PNNL researcher wins prestigious surface science award
March 09, 2004
RICHLAND, Wash. –
Scott Chambers has been selected as the 2004 recipient of the E.W. Mueller award for outstanding research in surface science. He is being recognized for advancing the science of molecular beam epitaxy, and applying it to fundamental investigations of the structural, electronic, and magnetic properties of metal oxide films, surfaces, and interfaces.
Chambers, a Laboratory Fellow at the Department of Energy's Pacific Northwest National Laboratory, has 25 years of experience in the fields of surface science and electronic materials. He holds three patents, has more than 150 publications and is a Fellow of the American Vacuum Society. His current areas of research include the synthesis and properties of a new class of ferromagnetic oxide semiconductors that have potential in spintronics.
He earned a bachelor degree in chemistry/chemical physics from the University of California at San Diego in 1973 and a doctorate in Physical Chemistry from Oregon State University in 1977.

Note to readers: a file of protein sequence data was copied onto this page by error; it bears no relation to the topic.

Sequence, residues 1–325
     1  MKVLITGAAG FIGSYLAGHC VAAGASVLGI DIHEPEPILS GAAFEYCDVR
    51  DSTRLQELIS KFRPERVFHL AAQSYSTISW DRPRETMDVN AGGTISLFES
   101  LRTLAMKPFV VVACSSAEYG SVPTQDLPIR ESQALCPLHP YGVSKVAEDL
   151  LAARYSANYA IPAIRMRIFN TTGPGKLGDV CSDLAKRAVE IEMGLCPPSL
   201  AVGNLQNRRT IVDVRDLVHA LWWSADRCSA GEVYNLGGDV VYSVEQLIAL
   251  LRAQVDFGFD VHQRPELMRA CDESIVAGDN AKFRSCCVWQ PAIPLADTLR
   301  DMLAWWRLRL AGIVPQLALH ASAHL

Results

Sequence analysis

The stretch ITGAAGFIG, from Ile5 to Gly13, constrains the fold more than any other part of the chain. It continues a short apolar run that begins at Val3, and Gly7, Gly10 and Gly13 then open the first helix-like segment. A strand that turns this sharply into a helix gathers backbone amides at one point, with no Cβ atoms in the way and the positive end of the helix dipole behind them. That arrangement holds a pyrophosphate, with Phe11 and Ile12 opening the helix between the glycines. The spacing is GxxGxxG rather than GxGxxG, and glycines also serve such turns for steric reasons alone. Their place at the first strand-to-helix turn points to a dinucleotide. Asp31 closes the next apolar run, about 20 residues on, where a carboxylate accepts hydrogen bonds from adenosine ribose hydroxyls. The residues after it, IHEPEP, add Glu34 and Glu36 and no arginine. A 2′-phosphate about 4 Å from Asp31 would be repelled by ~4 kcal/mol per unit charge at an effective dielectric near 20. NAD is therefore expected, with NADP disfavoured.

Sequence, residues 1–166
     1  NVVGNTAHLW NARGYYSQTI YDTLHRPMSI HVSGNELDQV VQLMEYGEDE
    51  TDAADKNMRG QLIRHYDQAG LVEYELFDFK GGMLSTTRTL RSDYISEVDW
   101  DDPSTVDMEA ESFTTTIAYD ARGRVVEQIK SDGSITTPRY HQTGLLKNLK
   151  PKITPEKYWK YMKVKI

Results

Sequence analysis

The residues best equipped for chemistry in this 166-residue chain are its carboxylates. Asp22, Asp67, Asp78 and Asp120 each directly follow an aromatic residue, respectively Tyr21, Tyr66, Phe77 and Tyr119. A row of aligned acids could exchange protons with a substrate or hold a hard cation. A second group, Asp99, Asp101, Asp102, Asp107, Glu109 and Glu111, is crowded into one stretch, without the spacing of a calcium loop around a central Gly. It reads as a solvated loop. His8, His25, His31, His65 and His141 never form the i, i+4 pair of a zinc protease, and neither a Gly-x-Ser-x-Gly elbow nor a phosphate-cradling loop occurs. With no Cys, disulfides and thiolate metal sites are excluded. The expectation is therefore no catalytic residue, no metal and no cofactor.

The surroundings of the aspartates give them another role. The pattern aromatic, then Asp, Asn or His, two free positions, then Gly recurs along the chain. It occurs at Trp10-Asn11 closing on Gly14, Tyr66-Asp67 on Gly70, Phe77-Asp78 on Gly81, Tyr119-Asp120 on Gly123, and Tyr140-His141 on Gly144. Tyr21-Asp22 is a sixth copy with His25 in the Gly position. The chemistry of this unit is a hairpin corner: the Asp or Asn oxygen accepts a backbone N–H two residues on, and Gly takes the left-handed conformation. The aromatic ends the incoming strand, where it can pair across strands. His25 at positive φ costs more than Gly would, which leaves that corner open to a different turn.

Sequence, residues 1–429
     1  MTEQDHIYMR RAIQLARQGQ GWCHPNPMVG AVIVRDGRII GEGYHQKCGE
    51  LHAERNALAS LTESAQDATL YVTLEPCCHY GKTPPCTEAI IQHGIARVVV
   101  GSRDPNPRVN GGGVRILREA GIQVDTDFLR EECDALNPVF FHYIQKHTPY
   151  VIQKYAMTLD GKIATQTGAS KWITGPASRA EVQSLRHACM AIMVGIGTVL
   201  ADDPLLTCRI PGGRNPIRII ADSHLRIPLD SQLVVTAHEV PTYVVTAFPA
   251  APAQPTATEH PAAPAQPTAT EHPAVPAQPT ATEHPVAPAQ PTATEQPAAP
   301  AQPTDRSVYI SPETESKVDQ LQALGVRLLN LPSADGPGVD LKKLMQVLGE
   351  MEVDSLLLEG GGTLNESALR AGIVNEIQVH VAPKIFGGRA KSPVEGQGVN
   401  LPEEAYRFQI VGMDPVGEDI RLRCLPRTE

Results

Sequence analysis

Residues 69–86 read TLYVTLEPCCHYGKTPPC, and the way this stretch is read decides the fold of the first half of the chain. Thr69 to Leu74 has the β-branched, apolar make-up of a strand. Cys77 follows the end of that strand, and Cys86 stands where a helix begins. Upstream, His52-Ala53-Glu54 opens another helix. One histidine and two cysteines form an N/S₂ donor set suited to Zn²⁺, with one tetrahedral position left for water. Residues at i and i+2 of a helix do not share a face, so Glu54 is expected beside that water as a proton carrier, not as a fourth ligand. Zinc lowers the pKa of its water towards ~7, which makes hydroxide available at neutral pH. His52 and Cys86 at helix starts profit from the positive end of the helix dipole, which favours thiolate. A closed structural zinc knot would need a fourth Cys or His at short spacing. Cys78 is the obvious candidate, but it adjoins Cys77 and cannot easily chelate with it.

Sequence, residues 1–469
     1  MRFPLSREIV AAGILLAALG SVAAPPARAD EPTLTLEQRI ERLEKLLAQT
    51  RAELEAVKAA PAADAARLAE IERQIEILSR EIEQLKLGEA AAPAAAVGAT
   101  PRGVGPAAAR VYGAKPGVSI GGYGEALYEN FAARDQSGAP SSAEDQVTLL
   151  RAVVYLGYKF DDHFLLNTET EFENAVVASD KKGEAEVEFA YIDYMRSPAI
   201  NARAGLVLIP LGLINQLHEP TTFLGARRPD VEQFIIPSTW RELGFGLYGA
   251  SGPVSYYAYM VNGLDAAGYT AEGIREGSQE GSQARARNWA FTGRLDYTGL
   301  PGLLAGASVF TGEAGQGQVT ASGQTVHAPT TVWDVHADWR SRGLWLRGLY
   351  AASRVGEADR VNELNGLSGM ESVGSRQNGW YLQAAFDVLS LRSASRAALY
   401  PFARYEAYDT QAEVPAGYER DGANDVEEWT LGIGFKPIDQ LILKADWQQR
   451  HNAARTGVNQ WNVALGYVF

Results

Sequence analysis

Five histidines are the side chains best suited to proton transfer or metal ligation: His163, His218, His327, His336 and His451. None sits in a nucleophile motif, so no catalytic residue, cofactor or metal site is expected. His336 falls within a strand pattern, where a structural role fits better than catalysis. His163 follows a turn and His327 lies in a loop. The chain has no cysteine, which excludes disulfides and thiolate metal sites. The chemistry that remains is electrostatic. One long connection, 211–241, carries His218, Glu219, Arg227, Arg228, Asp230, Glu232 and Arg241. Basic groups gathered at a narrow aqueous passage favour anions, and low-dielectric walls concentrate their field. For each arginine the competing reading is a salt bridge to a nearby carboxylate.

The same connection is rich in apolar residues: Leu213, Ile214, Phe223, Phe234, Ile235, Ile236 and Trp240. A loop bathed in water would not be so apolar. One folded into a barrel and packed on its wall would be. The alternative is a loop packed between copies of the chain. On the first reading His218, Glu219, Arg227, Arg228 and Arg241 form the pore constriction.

Chambers will be recognized for this honor at a special reception at the University of Wisconsin, Milwaukee in August where he will be presented a certificate of achievement and a prize of $5,000. Additionally, he will be giving a series of lectures on his work to a select audience of students, faculty, university administrators and industry representatives.
Previous winners of the Mueller award embody a very elite group of surface science researchers from around the world including Gerhardt Ertl, Gabor Somojai, Ted Madey, Harold Ibach, John Pendry and Ernst Bauer.
Tags: Fundamental Science, Chemistry